Remarks Dr. Goldman: “A cornerstone of the anti-aging medical model, routine physical activity promotes independent living. UK researchers find that 25 minutes of moderate-to-vigorous exercise everyday may reduce prescription usage and hospital admissions, among men and women ages 70 and older.”

Meditation Relieves Stress
David Creswell, from Carnegie Mellon University (Pennsylvania, USA), and colleagues report that as little as 25 minutes of mindfulness meditation practice for three consecutive days is effective for relieving psychological stress. The team asked 66 healthy individuals, ages 18 to 30 years, to participate in a three-day experiment. Some participants went through a brief mindfulness meditation training program; for 25 minutes for three consecutive days, the individuals were given breathing exercises to help them monitor their breath and pay attention to their present moment experiences. A second group of participants completed a matched three-day cognitive training program in which they were asked to critically analyze poetry in an effort to enhance problem-solving skills. Following the final training activity, all participants were asked to complete stressful speech and math tasks in front of stern-faced evaluators. Each individual reported their stress levels in response to stressful speech and math performance stress tasks, and provided saliva samples for measurement of cortisol, commonly referred to as the stress hormone.   The participants who received the brief mindfulness meditation training reported reduced stress perceptions to the speech and math tasks, indicating that the mindfulness meditation fostered psychological stress resilience. More interestingly, on the biological side, the mindfulness mediation participants showed greater cortisol reactivity. Writing that: “brief mindfulness meditation training buffers self-reported psychological stress reactivity, but also increases cortisol reactivity to social evaluative stress,” the study authors submit that: “This pattern may indicate that initially brief mindfulness meditation training fosters greater active coping efforts, resulting in reduced psychological stress appraisals and greater cortisol reactivity during social evaluative stressors.”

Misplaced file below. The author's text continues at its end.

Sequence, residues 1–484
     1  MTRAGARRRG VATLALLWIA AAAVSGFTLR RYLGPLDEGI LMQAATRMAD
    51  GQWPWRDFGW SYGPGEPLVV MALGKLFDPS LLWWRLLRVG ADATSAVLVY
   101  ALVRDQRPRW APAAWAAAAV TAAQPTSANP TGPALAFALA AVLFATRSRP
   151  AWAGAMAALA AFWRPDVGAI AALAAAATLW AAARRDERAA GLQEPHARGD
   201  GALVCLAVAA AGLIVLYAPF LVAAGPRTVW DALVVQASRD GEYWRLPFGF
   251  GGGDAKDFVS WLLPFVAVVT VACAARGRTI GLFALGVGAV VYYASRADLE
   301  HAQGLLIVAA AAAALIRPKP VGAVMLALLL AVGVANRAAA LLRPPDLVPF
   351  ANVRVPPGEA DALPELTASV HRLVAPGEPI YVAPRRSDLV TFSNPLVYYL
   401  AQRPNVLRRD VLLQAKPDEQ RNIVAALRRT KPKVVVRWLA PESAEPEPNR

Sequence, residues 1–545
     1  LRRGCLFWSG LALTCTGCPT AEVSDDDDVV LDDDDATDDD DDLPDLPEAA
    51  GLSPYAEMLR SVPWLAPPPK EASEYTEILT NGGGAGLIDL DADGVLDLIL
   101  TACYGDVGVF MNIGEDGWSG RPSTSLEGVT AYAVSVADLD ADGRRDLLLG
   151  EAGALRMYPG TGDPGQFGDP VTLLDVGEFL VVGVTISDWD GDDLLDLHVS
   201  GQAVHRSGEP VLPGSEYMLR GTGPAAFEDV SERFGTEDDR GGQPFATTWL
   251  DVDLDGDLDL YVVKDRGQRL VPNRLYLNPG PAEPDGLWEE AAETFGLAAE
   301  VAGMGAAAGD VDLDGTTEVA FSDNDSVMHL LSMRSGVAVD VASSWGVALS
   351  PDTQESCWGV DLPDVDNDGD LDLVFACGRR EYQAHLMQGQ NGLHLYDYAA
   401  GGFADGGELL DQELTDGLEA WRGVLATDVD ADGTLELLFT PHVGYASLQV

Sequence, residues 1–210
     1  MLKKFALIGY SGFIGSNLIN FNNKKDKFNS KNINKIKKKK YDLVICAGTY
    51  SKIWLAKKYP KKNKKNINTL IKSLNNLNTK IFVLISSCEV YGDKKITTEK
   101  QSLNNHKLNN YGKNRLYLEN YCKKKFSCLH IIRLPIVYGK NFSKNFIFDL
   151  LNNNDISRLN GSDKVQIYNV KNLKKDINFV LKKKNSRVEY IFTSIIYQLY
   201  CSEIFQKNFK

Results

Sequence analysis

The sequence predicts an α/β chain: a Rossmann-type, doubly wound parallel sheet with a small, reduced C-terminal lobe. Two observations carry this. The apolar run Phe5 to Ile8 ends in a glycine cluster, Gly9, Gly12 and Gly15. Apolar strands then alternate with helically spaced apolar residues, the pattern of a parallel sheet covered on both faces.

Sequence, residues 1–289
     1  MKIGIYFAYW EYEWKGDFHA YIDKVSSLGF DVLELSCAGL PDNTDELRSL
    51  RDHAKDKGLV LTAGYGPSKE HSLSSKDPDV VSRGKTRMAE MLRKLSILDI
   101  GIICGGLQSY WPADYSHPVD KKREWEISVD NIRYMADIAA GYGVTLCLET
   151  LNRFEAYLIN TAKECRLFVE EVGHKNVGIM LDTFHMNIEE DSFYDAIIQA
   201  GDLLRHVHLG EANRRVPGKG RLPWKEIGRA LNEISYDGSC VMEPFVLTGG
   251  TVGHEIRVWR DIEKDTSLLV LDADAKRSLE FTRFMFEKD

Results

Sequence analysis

Comments Dr. Klatz:  “Mindfulness meditation has been associated with beneficial effects for certain health conditions, and these data suggest that as little as 25 minutes of mindfulness meditation may help to reduce psychological stress.”

Anti-aging medicine is the fastest-growing medical specialty throughout the world and is founded on the application of advanced scientific and medical technologies for the early detection, prevention, treatment, and reversal of age-related dysfunction, disorders, and diseases.  It is a healthcare model promoting innovative science and research to prolong the healthy lifespan in humans.  As such, anti-aging medicine is based on solid scientific principles of responsible medical care that are consistent with those applied in other preventive health specialties.  The goal of anti-aging medicine is not to merely prolong the total years of an individual’s life, but to ensure that those years are enjoyed in a productive and vital fashion.  Visit the A4M’s World Health Network website, at www.worldhealth.net, to learn more about the A4M and its educational endeavors and to sign-up for your free subscription o Longevity Magazine™ e-Journal.